Classic Cadillac Models Featured Unique Air Conditioning Intake Vents
While air conditioning is a common feature on modern Cadillac vehicles, this was not always the case.
The first documented implementation of any type of air conditioner was in 1884 with the invention of the “Eye of All Weather” for horse-drawn carriages. This system uses a fan attached to the axle of the carriage that blows air across a tray filled with ice. In theory, the find is solid, but not so much in practice given that it takes hundreds of pounds of ice per hour to function.
Automotive air conditioning, as we know it today, was first applied to Cadillac vehicles for the 1953 model year. The all-new Frigidaire system is available as a factory option or as a dealer-installed addition. Options cost more than $600 in 1953, the equivalent of nearly $6,000 today when adjusted for inflation.
1950s and 1960s Cadillac sedans with air conditioning have distinguishable fresh air vents directly behind the vehicle’s C-pillar, mounted on the rear deck lid. Air is induced through the vents by twin fans mounted in the trunk, where it is then cooled and dehydrated by the evaporator. The only way to control the trunk-mounted A/C system is to adjust the knob on the parcel rack (rear dashboard, basically), which means it can’t be changed by the driver while the vehicle is in motion.
For distribution, Cadillac models equipped with the A/C feature direct air into the vehicle’s ceiling-mounted vent just above the rear seats, but this poses a slight problem, as the tube used for this function blocks rearward visibility. Cadillac was able to overcome this problem by manufacturing the tube from clear Plexiglas glass, which helps maintain a safe field of view from the rear of the vehicle. However, one of the problems with roof-mounted vents is their tendency to produce condensation, which sometimes drips onto rear seat passengers.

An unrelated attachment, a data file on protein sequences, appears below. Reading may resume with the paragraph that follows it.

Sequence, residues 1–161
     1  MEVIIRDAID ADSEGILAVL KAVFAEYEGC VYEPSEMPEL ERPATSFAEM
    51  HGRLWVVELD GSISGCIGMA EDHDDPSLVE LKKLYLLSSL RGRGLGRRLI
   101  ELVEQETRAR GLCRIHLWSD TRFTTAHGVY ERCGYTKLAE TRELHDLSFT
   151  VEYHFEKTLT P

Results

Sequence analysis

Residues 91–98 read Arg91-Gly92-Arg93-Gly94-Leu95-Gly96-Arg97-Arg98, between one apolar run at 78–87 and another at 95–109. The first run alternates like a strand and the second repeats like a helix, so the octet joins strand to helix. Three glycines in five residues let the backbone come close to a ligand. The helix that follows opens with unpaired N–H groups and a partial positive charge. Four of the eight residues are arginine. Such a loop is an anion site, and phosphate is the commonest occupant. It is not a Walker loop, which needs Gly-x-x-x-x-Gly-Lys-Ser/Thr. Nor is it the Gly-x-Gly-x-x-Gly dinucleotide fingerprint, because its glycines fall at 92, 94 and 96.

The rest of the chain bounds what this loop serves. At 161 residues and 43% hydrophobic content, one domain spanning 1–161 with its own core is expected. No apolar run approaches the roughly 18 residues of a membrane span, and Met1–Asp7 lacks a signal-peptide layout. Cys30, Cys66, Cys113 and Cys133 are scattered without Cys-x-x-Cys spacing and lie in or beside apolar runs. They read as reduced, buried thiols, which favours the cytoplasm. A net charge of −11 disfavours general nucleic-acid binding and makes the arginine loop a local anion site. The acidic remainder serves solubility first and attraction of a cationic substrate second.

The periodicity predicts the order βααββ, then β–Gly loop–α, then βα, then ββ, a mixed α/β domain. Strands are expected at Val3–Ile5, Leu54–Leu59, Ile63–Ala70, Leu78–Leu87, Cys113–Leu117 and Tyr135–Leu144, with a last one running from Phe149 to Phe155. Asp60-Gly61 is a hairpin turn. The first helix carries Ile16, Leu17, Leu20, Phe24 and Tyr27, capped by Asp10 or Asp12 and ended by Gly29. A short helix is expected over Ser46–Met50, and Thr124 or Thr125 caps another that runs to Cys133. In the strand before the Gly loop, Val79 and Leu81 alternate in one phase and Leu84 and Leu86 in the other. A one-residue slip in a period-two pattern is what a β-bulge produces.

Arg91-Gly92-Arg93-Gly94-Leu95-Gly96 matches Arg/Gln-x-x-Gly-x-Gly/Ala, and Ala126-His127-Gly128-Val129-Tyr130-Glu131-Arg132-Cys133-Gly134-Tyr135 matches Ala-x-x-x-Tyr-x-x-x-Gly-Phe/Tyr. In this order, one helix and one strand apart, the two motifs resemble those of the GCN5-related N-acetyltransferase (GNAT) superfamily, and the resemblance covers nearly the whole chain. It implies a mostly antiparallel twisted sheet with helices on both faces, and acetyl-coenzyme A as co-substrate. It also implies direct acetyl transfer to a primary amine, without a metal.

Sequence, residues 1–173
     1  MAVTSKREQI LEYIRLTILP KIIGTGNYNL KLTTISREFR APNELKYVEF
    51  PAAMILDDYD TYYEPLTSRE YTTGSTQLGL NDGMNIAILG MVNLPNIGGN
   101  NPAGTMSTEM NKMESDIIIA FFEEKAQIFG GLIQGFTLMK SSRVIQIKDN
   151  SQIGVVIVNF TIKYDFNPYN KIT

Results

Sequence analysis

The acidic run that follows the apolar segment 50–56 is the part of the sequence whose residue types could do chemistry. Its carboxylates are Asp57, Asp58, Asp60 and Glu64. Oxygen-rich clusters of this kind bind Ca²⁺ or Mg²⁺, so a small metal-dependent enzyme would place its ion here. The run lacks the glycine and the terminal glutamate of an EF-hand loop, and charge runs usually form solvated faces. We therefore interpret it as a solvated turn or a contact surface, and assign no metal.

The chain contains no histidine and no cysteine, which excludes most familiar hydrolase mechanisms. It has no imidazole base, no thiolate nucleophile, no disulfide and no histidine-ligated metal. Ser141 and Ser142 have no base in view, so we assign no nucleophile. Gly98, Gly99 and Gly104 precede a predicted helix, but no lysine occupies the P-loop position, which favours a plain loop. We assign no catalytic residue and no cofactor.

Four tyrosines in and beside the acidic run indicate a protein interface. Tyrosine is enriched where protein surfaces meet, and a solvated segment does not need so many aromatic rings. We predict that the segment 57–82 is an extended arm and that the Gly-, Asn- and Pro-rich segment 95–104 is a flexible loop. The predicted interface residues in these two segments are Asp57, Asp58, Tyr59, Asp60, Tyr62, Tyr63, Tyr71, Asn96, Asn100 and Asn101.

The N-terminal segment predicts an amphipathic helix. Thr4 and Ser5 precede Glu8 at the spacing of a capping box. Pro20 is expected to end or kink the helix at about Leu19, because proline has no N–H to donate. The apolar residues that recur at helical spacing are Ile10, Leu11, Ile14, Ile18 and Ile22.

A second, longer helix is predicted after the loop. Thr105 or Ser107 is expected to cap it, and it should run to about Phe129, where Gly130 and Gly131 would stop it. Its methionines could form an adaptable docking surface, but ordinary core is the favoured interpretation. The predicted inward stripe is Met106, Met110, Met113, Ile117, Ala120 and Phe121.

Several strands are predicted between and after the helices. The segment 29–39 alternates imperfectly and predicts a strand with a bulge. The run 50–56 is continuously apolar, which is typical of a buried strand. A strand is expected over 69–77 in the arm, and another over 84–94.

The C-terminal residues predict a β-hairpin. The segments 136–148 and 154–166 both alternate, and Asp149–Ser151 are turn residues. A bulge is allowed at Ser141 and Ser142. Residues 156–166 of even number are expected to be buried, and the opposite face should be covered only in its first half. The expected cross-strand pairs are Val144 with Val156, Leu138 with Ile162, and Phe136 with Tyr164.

Finally, Cadillac’s Harrison Radiator Division created a design that allowed engineers to move the air conditioning system into the engine compartment. This change not only frees up space in the trunk, but also allows the controls to be moved to an area that is ready for the driver to access. The 1965 Cadillac Eldorado Brougham was the first vehicle to offer an air conditioning system as standard equipment rather than as an option.
Cadillac introduced Comfort Control in 1964, which allowed air to be routed forward to the heating core, thus achieving a higher level of interior climate regulation. Comfort Control mixes hot and cold air to circulate air at a specific temperature, similar to the function of today’s automatic climate control systems.
Exterior fresh air A/C ventilation was finally discontinued in 1971 after nearly 20 years of running as a staple in Cadillac exterior design. By 1969, more than half of all new cars sold in the US were equipped with optional air conditioning, and by 1977, Cadillac was the only brand under the General Motors umbrella to use air conditioning as standard equipment.
It almost goes without saying that all current Cadillac vehicles have air conditioning as standard, while offering heated and ventilated seats as an option. In fact, many current Cadillac models feature an air ionizer that is capable of (as the name implies) ionizing the air before it enters the cabin.
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